Parasites have traditionally been ignored by ecological studies as a result of the presumption that they are too small to matter, but a study headed by three UCSB professors concludes that parasites actually outweigh many of what are commonly considered top predators. Dr. Armand Kuris, Dr. Ryan Hetchinger and Dr. Kevin Lafferty, along with 15 co-authors including UCSB graduate and several undergraduate students, have concluded that the out of sight, out of mind philosophy is no longer adequate for studies of ecosystems and food webs when at least half of all species on earth are parasites.

The study was published in the July 24 issue of the scientific journal Nature.

If parasites were so negligibly small, then how could they cause so much damage and require so much energy from their hosts to fight them off? Studies had previously shown that parasites are capable of causing tremendous damage to their hosts. This is evidenced in the human population by the 1.5 billion people infected with the Ascaris worm or “round worm,” which feed on human blood to lay worm eggs. In response, the human body must fight off the infection by increasing blood cell capacity. Through this process, the parasite is continually drawing energy from the human.

Einstein’s famous physics equation, e = mc², is a proportionality of weight to energy that says if something is small, then it has a small effect. Consider all of the energy required to fight AIDS or malaria, said Kuris. Either Einstein was wrong, or infectious things are bigger than presumed.

After five years of collecting more than a million lines of data from plant and animal samples in three different locations along the Pacific Coast and Baja California, the study adjusts the hierarchy of energy control in the food web. On the biomass scale, parasites weighed in to a comparable and in some cases larger to biomass as top predators such as birds, crabs and fish, which are normally perceived as controlling species. Biomass is a measure of the total weight of a specific organism within a given area. So, even though they are individually small, at each of the estuaries the biomass of trematodes was three to nine times the biomass of birds. “How can you understand the natural world without understanding one of the major parts?” asked Hetchinger.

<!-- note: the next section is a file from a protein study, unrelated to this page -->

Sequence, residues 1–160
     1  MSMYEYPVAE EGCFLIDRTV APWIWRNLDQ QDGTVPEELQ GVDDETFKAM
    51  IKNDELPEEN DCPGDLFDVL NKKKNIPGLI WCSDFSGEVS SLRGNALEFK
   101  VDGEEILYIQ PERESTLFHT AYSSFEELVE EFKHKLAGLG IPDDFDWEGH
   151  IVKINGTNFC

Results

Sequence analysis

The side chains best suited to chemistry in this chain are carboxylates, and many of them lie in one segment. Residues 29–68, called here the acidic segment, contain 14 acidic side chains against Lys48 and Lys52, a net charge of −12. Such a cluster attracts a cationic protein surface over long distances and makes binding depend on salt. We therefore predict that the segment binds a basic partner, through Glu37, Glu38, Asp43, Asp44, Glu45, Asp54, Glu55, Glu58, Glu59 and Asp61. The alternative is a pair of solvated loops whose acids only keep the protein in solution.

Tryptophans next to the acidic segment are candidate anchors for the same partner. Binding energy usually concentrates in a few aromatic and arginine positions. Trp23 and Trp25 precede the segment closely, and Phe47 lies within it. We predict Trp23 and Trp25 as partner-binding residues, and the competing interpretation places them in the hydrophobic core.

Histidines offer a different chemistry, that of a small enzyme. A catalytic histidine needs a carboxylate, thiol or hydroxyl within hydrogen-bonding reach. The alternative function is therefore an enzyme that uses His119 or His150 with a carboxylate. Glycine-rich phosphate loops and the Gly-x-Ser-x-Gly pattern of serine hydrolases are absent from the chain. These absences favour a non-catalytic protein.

Each animal and plant has a biomass which harnesses the energy in a certain way, so by having a considerably large biomass, parasites control a considerable amount of energy. At the ecosystem community level, there is a huge energy drain directly caused by parasites because hosts use a lot of energy to repair damage, fight and defend against parasites. One of the types highlighted in the paper were the parasitically castrated types – organisms which have been completely taken over and, instead of fulfilling its biological role of surviving and reproducing, function exclusively a parasite baby-making machine, explained Hetchinger.

But parasites provide an integral role within an ecosystem and the food web by regulating the population of their host species. For example, a particular parasite on the brain of a fish make them act more conspicuously, so they are up to 30 times more likely to be caught by a bird. Parasites are a natural component of a healthy ecosystem. “Parasites are labeled as bad and dirty, but they are just organisms tying to make their living. Their purpose is the same as any other living thing. That’s the only purpose that anything has,” Hetchinger said.

If parasites are considered on equal footing as other species, how does that change the scientific perception of the patterns of the world? Adding parasites to the picture brings us closer to being able to see the whole picture.

“Infectious disease is not the kind of thing that ecological studies focus on, but if they could visualize the parasites in the world, ecologists would always be forced to consider parasites as part of the overall problem,” Kuris said.


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